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Will the element be visible even for a blink of an eye If it is added to DOM and instantly removed?

var feed    = $('<div class="entry"></div>').text(data.status).appendTo(app.twitter_feed);

console.log(feed.height());

feed.remove();

I've tried the above code on a few browsers and couldn't see the element. But is this behaviour consistent through all platforms/browsers?

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1  
What do you really want to achieve? –  Joy Jun 22 '12 at 7:20
    
But is this behaviour consistent through all platforms/browsers? You can test it yourself in all browsers right? –  Eswar Rajesh Pinapala Jun 22 '12 at 7:21
1  
depends on how quickly JavaScript engine works. I won't recommend this though. Please state your problem and maybe someone could provide a better solution –  Comet Jun 22 '12 at 7:22
    
@EswarRajeshPinapala, I did test it on all browsers using Mac/OSX. It could act very differently on PC or Linux, or machine with poor graphics card. –  Gajus Kuizinas Jun 22 '12 at 7:22
    
Try setTimeout(function(){ feed.remove() },1000), and see what is happened –  Engineer Jun 22 '12 at 7:22

5 Answers 5

up vote 2 down vote accepted

After reading your previous question as well, it seems that you very badly want to calculate the display height of an element before actually displaying it. I 'm not entirely clear why you want to do this (it gives off a bad smell), but here's how to anyway.

Put a <div> in your page with height: 0, overflow: hidden, and the desired width of your element¹. Add the <div> we 're talking about inside that outer helper div (it will not show no matter what), and get its height after the browser performs layout. After that you can proceed however you want (e.g. by moving the inner <div> to another position in the DOM tree).

¹ it would be best to put it exactly where you want the .entry to end up (i.e. the .entry and the helper div will end up being siblings).

PS: It's always better for everyone if you mention your real purpose.

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Upvoted for question insight. –  Richard Neil Ilagan Jun 22 '12 at 7:30
    
You are right about my final objective, though not entirely about the question. I was hopping to achieve the same result adding element to DOM only once (now I need to add it to the wrapping element, then remove and add it to the parent element). The reason is that some browsers (cough, IE) punish for changing DOM tree. –  Gajus Kuizinas Jun 22 '12 at 7:35
    
@Guy: Relocating the inner div isn't going to take much either code-wise (it's just e.g. an .appendTo()) or performance-wise (just one element we 're moving around, and it won't affect the layout by vacating its previous position). IMHO you should not be doing this at all, but assuming there's good reason I don't think you will have any problem. –  Jon Jun 22 '12 at 7:40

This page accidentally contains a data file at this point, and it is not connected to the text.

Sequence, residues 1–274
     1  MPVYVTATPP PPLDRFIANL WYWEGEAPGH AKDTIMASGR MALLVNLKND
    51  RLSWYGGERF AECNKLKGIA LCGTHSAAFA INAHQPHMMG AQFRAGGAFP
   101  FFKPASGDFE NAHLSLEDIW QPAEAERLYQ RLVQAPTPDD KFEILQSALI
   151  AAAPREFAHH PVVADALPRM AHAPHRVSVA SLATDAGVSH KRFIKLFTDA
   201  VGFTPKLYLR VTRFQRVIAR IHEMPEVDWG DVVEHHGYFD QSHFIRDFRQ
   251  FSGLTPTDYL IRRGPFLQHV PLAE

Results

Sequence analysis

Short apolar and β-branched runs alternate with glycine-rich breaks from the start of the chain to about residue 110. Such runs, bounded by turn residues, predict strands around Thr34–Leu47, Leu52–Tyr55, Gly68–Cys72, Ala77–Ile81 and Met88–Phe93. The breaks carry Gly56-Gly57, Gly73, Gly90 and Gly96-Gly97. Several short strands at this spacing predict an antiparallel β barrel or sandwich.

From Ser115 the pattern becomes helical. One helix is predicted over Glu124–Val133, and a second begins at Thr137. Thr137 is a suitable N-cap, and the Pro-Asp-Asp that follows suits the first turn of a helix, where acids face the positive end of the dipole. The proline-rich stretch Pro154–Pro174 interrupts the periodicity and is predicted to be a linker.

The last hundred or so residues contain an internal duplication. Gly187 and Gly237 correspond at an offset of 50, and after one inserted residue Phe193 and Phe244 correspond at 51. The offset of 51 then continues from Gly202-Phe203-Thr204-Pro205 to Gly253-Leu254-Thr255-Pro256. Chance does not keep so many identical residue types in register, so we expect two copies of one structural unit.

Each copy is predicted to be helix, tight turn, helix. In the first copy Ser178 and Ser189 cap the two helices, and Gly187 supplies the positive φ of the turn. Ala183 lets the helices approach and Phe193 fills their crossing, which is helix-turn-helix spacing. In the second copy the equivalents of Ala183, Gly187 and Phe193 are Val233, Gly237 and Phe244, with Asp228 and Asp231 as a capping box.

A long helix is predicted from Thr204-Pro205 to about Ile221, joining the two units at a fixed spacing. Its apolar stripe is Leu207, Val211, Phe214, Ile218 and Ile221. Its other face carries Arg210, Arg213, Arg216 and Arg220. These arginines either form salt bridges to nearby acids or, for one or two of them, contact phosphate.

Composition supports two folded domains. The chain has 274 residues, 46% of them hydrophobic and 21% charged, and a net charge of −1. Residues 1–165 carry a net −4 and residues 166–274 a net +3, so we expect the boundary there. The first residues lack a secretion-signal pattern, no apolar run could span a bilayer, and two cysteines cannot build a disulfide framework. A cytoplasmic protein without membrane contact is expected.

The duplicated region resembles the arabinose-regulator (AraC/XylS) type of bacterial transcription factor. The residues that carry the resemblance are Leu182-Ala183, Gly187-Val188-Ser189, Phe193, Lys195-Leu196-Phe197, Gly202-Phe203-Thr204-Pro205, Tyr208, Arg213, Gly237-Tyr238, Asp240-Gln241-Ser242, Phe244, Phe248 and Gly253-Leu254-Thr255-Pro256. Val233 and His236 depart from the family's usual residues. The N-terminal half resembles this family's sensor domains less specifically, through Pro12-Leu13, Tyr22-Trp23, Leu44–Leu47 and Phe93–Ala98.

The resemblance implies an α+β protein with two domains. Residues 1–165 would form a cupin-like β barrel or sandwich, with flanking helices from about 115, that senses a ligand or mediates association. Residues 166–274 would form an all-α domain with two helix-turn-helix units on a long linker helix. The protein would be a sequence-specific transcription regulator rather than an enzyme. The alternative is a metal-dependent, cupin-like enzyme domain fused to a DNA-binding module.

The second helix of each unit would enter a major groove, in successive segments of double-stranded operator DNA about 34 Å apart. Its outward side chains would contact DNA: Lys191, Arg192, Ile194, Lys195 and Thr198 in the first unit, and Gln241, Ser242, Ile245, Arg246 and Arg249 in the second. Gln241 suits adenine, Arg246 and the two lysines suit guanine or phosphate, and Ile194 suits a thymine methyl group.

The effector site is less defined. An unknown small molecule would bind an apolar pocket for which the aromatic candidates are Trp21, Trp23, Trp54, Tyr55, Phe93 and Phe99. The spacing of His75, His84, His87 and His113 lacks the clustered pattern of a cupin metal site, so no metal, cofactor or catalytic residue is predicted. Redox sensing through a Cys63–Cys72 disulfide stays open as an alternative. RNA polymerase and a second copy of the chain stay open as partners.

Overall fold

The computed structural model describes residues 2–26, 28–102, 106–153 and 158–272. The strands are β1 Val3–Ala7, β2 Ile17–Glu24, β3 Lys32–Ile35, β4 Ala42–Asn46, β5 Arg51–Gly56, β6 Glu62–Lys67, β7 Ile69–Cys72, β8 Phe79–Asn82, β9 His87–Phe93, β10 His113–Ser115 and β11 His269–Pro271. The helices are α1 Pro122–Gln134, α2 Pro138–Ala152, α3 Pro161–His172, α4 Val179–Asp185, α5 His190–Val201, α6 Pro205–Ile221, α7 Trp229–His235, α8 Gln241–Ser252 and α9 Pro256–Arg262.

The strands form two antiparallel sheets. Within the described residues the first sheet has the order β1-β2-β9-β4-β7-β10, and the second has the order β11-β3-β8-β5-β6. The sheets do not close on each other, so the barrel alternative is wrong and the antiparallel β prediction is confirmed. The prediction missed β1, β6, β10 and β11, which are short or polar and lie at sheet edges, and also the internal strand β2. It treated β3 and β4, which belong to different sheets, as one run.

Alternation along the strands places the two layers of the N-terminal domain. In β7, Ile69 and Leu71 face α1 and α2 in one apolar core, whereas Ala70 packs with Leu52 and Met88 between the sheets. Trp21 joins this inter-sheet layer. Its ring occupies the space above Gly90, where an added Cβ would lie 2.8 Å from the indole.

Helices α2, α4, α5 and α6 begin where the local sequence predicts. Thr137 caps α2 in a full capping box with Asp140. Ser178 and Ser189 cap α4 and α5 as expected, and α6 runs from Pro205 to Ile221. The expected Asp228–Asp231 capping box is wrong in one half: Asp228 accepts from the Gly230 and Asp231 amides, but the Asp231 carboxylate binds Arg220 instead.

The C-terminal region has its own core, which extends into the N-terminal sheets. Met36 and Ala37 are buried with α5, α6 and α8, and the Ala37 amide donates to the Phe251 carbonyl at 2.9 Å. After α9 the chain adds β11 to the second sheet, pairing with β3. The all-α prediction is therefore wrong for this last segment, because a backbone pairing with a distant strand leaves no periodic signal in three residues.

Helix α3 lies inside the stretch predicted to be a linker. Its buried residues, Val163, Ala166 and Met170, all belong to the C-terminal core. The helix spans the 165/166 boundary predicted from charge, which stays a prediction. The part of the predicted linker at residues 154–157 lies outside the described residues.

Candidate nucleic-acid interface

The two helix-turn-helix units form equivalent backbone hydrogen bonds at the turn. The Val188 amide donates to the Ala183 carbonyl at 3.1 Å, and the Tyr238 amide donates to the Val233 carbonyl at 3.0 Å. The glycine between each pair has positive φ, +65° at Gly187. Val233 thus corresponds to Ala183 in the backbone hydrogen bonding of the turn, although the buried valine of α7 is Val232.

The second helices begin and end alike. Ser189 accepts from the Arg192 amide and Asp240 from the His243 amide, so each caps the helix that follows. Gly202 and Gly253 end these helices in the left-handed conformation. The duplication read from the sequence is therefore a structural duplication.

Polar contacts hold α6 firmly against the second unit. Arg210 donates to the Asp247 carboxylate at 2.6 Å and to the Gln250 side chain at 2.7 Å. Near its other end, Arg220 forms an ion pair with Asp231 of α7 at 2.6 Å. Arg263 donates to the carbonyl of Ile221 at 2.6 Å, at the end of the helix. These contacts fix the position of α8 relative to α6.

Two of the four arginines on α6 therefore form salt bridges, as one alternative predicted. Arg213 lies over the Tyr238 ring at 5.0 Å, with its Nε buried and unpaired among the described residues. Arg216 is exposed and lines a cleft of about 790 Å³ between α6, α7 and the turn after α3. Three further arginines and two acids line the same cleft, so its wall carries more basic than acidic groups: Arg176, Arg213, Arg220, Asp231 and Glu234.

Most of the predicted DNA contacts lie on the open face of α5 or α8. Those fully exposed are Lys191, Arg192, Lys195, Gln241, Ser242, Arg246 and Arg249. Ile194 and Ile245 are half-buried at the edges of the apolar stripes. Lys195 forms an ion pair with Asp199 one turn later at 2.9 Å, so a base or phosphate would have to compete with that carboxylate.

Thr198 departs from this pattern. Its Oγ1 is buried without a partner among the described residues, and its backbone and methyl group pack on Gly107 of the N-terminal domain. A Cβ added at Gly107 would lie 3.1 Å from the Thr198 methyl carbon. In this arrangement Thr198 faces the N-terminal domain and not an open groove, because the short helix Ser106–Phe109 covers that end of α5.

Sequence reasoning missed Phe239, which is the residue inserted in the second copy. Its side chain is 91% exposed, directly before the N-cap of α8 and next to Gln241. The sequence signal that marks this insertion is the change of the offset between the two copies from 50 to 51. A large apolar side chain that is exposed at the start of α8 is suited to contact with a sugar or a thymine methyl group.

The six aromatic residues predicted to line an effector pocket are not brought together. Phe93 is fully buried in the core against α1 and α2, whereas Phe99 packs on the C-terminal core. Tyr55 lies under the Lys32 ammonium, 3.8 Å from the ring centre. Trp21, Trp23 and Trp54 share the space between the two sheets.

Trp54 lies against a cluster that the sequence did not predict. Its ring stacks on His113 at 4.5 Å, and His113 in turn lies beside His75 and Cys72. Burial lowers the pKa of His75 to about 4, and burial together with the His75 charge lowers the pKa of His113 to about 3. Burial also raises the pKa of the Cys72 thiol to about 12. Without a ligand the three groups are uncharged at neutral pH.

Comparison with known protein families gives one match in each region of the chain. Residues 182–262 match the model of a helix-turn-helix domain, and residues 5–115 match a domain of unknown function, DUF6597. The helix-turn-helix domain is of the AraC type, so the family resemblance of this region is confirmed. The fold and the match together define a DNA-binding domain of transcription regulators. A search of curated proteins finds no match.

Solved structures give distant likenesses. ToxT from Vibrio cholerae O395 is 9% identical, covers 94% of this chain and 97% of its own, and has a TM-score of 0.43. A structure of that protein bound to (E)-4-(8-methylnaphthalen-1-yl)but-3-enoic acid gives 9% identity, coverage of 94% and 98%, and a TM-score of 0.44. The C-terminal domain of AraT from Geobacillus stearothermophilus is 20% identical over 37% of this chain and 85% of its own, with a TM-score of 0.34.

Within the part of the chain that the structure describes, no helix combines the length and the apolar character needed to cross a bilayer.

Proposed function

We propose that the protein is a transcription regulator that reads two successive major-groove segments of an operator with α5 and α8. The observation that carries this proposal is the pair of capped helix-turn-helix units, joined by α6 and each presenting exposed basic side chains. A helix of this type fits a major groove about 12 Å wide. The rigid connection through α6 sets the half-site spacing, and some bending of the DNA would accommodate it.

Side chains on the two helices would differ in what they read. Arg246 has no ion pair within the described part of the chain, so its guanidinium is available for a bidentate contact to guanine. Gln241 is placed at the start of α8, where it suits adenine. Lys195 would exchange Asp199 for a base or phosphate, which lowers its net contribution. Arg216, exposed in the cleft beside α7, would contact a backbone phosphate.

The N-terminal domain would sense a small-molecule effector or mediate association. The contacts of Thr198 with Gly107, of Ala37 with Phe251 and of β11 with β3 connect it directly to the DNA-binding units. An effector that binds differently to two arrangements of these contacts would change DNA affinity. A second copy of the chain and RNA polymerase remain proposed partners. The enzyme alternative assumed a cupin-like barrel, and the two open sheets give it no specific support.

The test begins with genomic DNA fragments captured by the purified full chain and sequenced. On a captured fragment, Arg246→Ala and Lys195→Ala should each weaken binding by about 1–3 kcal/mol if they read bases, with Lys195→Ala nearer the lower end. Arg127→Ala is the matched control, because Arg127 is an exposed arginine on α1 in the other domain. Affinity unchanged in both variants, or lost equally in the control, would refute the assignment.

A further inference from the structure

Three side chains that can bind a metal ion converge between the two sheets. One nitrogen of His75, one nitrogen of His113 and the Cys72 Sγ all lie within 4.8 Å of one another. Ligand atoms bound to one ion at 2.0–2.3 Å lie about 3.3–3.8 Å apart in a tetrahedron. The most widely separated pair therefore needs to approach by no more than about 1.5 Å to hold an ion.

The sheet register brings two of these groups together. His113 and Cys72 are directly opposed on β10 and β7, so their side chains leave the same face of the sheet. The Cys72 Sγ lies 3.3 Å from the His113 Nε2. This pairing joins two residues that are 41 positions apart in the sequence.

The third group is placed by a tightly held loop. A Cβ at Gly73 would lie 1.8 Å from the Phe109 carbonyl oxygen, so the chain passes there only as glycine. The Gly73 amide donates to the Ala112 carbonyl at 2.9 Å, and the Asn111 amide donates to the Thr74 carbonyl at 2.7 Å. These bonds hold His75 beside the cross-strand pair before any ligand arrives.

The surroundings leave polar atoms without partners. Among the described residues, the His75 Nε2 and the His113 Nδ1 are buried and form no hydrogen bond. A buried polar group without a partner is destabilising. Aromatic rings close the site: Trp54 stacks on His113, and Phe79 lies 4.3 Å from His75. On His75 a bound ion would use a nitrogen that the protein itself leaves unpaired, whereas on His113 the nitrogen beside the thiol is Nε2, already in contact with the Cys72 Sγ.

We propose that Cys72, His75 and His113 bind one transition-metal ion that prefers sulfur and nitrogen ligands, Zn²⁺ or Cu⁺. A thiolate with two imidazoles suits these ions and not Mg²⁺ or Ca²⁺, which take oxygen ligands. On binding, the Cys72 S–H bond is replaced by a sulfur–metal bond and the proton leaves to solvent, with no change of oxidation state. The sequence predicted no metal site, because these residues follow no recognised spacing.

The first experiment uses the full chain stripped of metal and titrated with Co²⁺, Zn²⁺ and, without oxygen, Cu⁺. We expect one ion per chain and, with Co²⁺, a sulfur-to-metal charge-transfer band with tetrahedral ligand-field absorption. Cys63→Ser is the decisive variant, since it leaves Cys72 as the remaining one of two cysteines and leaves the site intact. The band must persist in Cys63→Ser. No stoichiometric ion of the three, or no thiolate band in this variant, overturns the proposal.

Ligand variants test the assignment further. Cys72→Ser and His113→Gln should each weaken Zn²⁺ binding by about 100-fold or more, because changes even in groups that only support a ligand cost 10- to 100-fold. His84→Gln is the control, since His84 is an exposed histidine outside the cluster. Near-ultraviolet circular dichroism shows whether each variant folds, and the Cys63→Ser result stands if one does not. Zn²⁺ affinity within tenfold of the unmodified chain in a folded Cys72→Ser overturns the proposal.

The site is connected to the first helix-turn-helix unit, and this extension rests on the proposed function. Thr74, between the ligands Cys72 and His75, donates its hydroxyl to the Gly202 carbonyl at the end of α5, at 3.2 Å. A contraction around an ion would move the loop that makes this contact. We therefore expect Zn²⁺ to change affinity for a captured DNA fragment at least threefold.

I can imagine a situation wherein for the browser to be able to compute the element's effective height, it will have to render it on the window, or at least have the element's box reflow against the current site layout. It might not be visible (as, yeah, it's instantly removed), but a situation like this will reflow the page, and the movement of the affected elements on the page can be seen.

Images come to mind, for example, because browsers generally have no idea what the dimensions of images are until they try to lay them out (correct me if I'm wrong there though).

So, no, I wouldn't say that this is consistent behavior.

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Implement it like this. Make a clone of app.twitter_feed, and send it to hell (Coordinates: x:-30000, y:-30000) and try whatever you like there.

var cloneTWFeed = $(app.twitter_feed).clone();
cloneTWFeed.css("position", "absolute").css("top","-30000").css("left","-30000");
var feed = $('<div class="entry"></div>').text(data.status).appendTo(cloneTWFeed);
console.log(feed.height());
feed.remove();
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You current code works just fine, but you never get to see the element, since just after you append it, you remove it.

The browser sees it, by the time that he takes to remove it, just after being appended.

See this working Fiddle Example!

There I've replaced the console.log with an alert() to force the browser to wait for my response, thus enabling me to see the element on the page.

Note: Also works fine with console.log(), given me the 18px of height.


You either have the remove() wrapped on a timer to actually see the element (visually), or if the HTML markup is to intense, or the desired effect is to only collect data from the element, place your element inside an hidden one, that way you can remove it whenever you've done collecting data from it.

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If what you must acheive is an height measurement, try to add the element without visibility (see CSS: http://reference.sitepoint.com/css/visibility)

In a zone of the page that causes no problems on the element flow.

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